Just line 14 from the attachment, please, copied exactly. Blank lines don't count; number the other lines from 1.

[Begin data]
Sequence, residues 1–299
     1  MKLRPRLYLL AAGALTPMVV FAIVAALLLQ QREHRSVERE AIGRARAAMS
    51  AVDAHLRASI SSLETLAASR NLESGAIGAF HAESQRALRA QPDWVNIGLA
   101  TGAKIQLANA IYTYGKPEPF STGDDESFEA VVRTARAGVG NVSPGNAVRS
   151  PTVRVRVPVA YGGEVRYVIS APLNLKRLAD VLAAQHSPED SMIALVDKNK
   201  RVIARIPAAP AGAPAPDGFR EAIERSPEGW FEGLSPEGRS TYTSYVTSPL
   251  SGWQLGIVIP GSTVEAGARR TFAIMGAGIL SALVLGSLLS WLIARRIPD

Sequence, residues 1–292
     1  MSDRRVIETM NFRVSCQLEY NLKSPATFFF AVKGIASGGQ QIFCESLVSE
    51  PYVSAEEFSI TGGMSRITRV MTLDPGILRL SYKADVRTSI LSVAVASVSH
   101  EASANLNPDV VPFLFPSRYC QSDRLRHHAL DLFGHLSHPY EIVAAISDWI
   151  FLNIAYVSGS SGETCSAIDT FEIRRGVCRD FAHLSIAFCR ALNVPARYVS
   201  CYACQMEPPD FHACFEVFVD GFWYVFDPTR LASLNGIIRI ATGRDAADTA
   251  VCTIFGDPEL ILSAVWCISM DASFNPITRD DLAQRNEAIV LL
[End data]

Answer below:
   251  VCTIFGDPEL ILSAVWCISM DASFNPITRD DLAQRNEAIV LL